The Pentium 4, which currently is available only in desktops, comes to notebooks by virtue of a manufacturing shift that cuts the power consumed and heat dissipated by the chip, said Bob Jackson, principal engineer in Intel's mobile processing group. By cutting the power, Intel can squeeze the chip into portables.
"You need to keep the average power down to about 10 percent of the overall power" consumed by the notebook, Jackson said at the Microprocessor Forum here.
The first mobile Pentium 4's arrive in the first half above 1.5GHz and will hit 2GHz in 2002.
But unlike the first Pentium 4's for desktops, the chip won't initially be matched with memory based on designs from Rambus. Instead, the mobile Pentium 4 will come out with a chipset--called the 845MP--that connects to DDR DRAM, a high-speed form of the most common type of memory found in PCs today.
Although it can provide performance benefits, Rambus memory costs more than other types of memory. Consequently, PC makers have tried to avoid it whenever possible. Intel came out with its first Pentium 4 chipset that hooks up with standard memory in February, and PC makers have flocked to it, according to analysts and PC executives. Many analysts have predicted it could be one of Intel's most popular chipsets ever.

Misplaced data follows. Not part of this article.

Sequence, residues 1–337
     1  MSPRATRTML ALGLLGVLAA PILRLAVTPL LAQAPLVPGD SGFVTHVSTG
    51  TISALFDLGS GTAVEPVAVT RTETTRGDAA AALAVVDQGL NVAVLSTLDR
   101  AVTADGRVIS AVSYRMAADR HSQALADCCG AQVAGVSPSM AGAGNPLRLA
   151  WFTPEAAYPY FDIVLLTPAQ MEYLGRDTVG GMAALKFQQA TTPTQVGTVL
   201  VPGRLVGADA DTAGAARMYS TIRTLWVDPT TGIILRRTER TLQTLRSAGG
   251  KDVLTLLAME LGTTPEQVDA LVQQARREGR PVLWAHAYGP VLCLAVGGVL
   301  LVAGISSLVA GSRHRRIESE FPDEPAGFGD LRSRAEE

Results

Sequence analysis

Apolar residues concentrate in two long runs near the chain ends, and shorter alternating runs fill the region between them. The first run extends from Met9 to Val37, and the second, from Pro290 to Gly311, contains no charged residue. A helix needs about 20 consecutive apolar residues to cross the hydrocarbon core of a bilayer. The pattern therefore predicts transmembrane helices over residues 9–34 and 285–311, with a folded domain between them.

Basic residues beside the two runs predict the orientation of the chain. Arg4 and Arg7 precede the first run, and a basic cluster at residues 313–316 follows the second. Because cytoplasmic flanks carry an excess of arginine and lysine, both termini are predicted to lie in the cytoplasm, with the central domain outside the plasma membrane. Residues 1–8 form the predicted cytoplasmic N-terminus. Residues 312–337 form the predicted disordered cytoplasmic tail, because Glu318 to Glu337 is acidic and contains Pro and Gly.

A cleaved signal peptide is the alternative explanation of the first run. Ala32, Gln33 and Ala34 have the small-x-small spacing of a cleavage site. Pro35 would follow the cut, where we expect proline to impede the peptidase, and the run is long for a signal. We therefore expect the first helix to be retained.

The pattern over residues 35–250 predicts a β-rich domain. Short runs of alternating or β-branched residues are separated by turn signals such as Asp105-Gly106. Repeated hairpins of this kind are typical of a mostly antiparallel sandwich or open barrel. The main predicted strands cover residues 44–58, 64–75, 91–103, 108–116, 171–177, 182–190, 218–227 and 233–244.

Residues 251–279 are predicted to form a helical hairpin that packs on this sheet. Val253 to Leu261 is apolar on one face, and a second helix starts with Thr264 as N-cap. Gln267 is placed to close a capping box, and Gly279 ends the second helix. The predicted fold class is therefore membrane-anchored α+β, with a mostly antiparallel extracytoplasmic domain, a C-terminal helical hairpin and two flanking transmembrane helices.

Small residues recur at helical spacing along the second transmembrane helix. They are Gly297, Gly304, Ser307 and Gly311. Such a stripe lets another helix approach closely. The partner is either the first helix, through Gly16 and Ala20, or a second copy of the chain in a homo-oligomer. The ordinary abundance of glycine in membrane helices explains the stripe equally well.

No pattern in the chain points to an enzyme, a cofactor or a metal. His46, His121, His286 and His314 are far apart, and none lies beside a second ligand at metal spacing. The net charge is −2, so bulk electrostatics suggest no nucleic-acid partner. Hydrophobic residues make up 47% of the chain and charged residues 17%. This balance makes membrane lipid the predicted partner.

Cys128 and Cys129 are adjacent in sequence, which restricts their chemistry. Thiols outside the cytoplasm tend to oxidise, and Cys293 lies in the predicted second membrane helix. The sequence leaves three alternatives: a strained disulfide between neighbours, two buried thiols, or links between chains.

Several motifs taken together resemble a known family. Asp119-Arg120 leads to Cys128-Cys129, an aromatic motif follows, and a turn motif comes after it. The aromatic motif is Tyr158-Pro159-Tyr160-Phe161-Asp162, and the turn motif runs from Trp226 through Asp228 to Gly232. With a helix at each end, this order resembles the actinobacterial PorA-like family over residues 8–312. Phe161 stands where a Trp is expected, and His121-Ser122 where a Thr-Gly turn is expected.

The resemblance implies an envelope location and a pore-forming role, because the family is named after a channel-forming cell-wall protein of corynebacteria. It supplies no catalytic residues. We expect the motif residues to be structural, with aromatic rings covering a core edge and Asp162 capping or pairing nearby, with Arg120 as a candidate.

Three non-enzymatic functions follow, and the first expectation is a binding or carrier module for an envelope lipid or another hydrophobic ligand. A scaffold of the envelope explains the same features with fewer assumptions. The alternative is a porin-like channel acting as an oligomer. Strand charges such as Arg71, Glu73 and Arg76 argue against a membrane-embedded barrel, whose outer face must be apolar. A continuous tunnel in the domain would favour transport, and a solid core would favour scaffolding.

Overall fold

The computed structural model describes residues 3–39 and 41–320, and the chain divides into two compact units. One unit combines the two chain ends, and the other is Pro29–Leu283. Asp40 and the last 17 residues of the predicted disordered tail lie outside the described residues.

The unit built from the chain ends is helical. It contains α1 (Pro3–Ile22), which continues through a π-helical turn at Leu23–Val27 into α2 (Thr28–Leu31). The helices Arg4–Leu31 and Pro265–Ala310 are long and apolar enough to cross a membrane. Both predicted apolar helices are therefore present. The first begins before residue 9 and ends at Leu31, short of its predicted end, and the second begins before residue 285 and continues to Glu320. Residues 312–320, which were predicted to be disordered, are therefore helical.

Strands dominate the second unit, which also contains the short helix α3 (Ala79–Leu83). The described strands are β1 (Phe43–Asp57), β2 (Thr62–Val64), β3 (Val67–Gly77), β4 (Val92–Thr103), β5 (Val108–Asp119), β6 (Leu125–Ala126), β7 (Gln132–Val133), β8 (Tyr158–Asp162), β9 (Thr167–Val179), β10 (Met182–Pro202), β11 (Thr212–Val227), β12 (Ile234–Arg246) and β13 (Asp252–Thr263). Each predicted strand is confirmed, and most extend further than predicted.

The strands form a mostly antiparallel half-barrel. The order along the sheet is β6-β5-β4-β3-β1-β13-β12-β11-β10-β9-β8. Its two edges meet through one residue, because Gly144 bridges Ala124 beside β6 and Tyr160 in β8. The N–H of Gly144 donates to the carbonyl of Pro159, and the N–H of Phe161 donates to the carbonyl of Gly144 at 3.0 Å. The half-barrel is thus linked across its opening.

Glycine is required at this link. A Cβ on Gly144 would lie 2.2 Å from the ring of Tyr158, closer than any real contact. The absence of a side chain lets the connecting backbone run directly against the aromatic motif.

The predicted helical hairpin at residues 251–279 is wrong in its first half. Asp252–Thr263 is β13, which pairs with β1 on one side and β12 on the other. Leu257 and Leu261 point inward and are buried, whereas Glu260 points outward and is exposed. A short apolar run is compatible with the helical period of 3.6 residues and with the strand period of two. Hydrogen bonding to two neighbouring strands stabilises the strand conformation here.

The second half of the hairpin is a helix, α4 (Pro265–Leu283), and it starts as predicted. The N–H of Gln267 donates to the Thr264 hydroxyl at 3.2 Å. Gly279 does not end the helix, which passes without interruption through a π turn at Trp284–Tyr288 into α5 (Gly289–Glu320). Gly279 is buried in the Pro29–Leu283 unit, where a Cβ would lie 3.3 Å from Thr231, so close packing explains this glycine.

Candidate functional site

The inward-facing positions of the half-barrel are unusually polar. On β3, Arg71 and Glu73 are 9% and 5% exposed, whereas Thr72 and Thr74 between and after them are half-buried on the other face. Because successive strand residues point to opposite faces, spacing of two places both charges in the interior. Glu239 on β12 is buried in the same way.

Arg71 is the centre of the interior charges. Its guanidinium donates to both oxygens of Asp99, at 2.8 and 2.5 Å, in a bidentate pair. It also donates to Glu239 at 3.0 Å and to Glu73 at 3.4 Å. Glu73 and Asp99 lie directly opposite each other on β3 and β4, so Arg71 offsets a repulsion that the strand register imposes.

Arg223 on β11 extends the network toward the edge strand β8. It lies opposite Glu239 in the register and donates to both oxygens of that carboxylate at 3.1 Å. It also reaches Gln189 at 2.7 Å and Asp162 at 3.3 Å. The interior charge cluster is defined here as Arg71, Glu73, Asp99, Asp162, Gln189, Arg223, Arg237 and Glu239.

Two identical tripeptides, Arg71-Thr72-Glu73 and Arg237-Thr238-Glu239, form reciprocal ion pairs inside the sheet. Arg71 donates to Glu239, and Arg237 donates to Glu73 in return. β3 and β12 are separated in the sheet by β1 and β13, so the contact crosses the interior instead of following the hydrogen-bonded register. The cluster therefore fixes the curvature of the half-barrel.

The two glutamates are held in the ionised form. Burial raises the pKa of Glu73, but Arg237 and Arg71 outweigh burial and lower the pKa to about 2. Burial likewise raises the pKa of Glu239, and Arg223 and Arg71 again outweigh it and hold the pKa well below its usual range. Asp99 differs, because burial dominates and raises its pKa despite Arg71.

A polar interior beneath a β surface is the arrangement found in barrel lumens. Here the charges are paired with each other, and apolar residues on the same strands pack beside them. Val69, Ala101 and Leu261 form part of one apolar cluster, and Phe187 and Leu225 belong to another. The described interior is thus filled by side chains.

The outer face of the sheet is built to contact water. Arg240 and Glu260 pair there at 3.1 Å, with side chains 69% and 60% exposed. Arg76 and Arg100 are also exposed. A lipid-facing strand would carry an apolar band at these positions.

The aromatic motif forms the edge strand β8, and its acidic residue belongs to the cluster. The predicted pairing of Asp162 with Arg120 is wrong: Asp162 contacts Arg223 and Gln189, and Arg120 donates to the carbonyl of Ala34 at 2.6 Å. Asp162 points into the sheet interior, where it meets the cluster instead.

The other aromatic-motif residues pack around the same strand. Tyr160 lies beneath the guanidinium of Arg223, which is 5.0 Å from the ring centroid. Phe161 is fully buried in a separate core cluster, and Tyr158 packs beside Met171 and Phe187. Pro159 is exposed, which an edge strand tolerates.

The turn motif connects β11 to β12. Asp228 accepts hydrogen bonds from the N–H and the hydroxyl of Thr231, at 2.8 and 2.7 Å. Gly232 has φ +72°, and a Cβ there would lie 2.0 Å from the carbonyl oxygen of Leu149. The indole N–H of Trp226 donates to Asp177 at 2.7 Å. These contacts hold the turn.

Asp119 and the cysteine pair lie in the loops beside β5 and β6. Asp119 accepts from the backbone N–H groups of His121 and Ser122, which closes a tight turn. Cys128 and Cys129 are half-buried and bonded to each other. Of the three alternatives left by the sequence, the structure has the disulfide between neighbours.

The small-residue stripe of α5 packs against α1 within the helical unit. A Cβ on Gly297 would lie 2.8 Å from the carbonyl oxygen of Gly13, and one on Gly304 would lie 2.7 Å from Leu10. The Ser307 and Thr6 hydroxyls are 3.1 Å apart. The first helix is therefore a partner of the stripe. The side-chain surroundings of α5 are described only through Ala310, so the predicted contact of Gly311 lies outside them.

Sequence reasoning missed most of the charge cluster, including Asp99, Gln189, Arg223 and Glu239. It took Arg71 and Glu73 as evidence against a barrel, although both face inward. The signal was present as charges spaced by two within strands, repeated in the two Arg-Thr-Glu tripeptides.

The mobile Pentium 4 will also contain other features, including an enhanced form of SpeedStep technology. With SpeedStep, notebook chips run at a lower speed when unplugged to save on battery power. In the enhanced version, notebooks can run at 95 percent of their "plugged in" speed if required by the application. After the performance surge passes, the notebook returns to its slower, unplugged standard.
"You don't sacrifice on battery life, but you get the performance when you need it," Jackson said.
The reduction in power consumption comes from improvements in transistors and a shift in manufacturing from the 180-nanometer process to the 130-nanometer process. Under the 130-nanometer process, the size of the components on the surface of a chip are shrunk by roughly 30 percent to 130 nanometers wide. Shrinking moves all the elements together, which cuts down on power consumption.
Although chips shrunk by this process can consume less power, these gains can be nullified over time as the speed of the chip increases.